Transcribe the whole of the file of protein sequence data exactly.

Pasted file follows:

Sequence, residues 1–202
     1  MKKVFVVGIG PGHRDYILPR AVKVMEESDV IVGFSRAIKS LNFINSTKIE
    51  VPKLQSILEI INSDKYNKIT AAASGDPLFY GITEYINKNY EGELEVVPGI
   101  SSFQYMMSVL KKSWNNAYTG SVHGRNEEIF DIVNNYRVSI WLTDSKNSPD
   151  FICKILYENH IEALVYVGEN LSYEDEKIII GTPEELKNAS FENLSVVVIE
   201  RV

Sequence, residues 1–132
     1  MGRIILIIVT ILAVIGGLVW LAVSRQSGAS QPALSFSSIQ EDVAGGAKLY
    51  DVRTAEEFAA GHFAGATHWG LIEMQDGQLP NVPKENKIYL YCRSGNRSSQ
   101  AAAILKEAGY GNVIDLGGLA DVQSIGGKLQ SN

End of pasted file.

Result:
Sequence, residues 1–202
     1  MKKVFVVGIG PGHRDYILPR AVKVMEESDV IVGFSRAIKS LNFINSTKIE
    51  VPKLQSILEI INSDKYNKIT AAASGDPLFY GITEYINKNY EGELEVVPGI
   101  SSFQYMMSVL KKSWNNAYTG SVHGRNEEIF DIVNNYRVSI WLTDSKNSPD
   151  FICKILYENH IEALVYVGEN LSYEDEKIII GTPEELKNAS FENLSVVVIE
   201  RV

Sequence, residues 1–132
     1  MGRIILIIVT ILAVIGGLVW LAVSRQSGAS QPALSFSSIQ EDVAGGAKLY
    51  DVRTAEEFAA GHFAGATHWG LIEMQDGQLP NVPKENKIYL YCRSGNRSSQ
   101  AAAILKEAGY GNVIDLGGLA DVQSIGGKLQ SN